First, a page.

I recently had the opportunity to speak with Bob Arno, one of the world’s experts on pickpocketing and street crime, about some smart and easy steps you can take to avoid becoming a victim on your next trip.
Losing your wallet is one of the most frustrating things and can ruin a perfect vacation. I was unsuccessfully mugged a number of years ago in Madrid – an attempt thwarted by a combination of stupidity and resourcefulness – and my wallet was once craftily stolen during a security screening at Paris Charles de Gaulle, in what I still believe was a ring complicit with security screeners. Thankfully I had backup cash, but the whole thing is a huge pain.
Both of these experiences taught me a few lessons and made me more vigilant when traveling. Beyond some of the tips that Mr. Arno recommends to prevent being robbed, I also signed up for American Express Credit Card Registry – a service that will cancel all your cards and help with a replacement passport and drivers’ license, among other things, all by calling one number.
Check out my recent chat with Mr. Arno:
Traveling the globe with my comedy pickpocket show gives me the rare opportunity to be everywhere. Sync that luck with my lifelong fascination with thieves and con artists, my interest in filmmaking, and my six-foot-five lamppost build, and you’ve got a globetrotting crime-sleuth who doesn’t look like a cop and has better video equipment. My wife/partner and I put ourselves near the thieves and, when they steal our (empty) wallet, we don’t get mad—we start asking questions. And because I do legally what they do as criminals, I can talk the talk and share techniques.
From the thieves themselves we learn their methods and motivations. We film them without their knowledge, then we interview them and hear their braggadocio and their sob stories. We talk to tourist police and fraud cops to learn why it’s so hard to make a dent in this crime, and victims to learn the many variations on the methods. By far our most important research is done on the streets in crowded tourist destinations.
Cafés and restaurants, where bags are apt to be stolen; hotel lobbies, where you have a false sense of security; public transportation; special events, like concerts and big sports games; and anyplace where there’s a lot of drinking.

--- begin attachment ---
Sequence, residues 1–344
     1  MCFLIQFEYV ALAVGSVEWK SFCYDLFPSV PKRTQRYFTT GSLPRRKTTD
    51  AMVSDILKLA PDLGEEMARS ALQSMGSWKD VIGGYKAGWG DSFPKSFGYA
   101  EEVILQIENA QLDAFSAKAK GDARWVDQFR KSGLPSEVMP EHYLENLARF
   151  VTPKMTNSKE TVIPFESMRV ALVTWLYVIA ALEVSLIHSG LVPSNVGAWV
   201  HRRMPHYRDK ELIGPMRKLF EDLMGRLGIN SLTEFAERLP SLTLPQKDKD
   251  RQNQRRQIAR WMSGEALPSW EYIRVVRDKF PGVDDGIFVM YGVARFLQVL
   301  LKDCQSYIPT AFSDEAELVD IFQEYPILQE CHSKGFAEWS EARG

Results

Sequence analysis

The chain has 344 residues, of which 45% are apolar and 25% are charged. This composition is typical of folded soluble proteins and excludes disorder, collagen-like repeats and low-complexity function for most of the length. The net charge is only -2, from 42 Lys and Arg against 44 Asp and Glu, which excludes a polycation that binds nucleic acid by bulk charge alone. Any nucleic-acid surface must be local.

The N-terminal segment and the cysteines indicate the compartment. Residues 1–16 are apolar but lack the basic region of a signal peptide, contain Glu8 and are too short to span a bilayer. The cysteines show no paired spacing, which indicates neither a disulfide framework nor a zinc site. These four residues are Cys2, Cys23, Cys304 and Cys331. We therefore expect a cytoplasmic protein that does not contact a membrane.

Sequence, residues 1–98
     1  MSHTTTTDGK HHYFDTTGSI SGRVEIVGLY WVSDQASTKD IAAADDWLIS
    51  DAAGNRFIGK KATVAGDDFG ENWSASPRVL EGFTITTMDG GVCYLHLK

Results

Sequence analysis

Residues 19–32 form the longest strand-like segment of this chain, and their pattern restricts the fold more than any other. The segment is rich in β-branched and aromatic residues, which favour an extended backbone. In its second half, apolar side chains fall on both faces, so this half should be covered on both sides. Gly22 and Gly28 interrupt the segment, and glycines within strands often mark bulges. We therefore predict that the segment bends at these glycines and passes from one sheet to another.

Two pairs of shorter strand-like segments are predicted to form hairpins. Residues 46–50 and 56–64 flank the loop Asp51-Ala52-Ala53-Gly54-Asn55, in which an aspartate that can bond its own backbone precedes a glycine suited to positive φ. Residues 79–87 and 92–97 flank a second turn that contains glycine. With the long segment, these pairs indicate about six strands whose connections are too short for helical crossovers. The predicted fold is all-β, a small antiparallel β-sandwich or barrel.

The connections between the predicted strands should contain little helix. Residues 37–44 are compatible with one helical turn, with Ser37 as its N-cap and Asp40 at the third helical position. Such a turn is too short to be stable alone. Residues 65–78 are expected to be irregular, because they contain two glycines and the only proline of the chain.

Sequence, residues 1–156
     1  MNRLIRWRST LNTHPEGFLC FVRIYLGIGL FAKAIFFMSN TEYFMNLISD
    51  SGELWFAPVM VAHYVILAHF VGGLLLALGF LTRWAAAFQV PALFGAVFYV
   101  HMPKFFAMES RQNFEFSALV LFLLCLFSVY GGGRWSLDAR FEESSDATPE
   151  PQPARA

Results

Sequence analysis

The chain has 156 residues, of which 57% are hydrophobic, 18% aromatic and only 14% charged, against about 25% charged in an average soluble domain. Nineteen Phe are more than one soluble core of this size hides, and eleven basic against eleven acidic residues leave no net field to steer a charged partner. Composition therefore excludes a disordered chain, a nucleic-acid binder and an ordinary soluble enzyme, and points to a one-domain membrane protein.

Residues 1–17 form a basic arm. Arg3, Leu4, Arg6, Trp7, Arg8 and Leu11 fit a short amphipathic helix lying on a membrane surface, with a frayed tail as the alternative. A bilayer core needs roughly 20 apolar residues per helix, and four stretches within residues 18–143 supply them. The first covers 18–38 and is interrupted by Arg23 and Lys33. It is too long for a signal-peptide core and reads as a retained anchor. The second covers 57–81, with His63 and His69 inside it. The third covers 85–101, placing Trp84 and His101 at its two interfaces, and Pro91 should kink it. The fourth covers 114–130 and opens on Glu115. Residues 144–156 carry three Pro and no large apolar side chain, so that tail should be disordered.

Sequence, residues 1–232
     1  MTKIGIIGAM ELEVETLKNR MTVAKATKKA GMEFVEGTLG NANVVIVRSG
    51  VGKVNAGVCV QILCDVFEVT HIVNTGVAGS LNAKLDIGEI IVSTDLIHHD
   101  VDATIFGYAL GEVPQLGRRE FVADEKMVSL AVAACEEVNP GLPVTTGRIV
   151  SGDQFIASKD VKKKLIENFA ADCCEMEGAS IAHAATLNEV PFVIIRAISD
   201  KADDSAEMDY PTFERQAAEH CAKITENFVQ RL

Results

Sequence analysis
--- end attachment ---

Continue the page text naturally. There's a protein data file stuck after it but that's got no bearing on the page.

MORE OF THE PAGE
The sneakiest play on our innate tendencies to trust and be nice. We trust the guy who kindly points out pigeon poop on our back and offers to clean it off (while he cleans us out). We’re nice to the woman who asks for help with directions, unaware that she’s opening our fanny-pack under her map.
Absolutely. There’s a fake soccer move that’s common in Barcelona, and purse-slicing in St. Petersburg, Russia. Necklace-snatching is common all over South America. iPhone grabbing is big on trains, just before the doors close. Naples, Italy, is famous for its scooter-riding bandits, who snag purses on the move. And there’s lots more…
Stow your stuff safely before going out. I want to list a few more things, but you said “single.” Let me just clarify safe-stowing to primarily mean the use of some type of under-clothes pouch.
Women are more often victims, simply because they carry purses, and purses don’t have nerve-endings. Women need to guard their handbags. Keep them closed, and in front of their bodies, not hanging behind. Don’t hang them on the back of a café chair, leave them on the floor or in a shopping cart, or on a bench in a shoe shop.
You can’t help looking like a tourist, but dress down. You hear it over and over, but no one explains why. If you’re wearing a Rolex or diamond earrings—even if they’re fakes—you look rich. You look like you have a purse or wallet worth stealing. You’re worth following, and you’re eventually going to present an opportunity, or the thief will create an opportunity by manipulating you. Don’t send signals to the thieves who may be lurking that you’re worth their effort.
For men venturing into unfamiliar territory, it’s better to carry the big bucks and credit cards in a pouch that hangs from your belt inside your trousers. Keep small money in a pocket for coffee, taxi, souvenirs. Carry minimal cash and rely on credit cards whenever possible.
Read my book, Travel Advisory: How to Avoid Thefts, Cons, and Street Scams. One tip from the book: photocopy the front and back of your credit cards, and leave the copy in the hotel along with another credit card, so if you are pickpocketed, you have an easy source of funds and the phone numbers on the backs of the cards so you can cancel the accounts. Better yet, scan those credit cards and the first page of your passport, and email it to yourself so you can access the copies from any internet point.
Shout out. If the thief is still close, he or she may drop it on the ground. There may also be an undercover cop nearby. Or a fast-acting bystander.
You don’t know if he’s high on drugs, desperate, or if he has pals around the corner. Give up your property. Appease the mugger so he’ll go away.
Check out this clip of Bob on Dateline: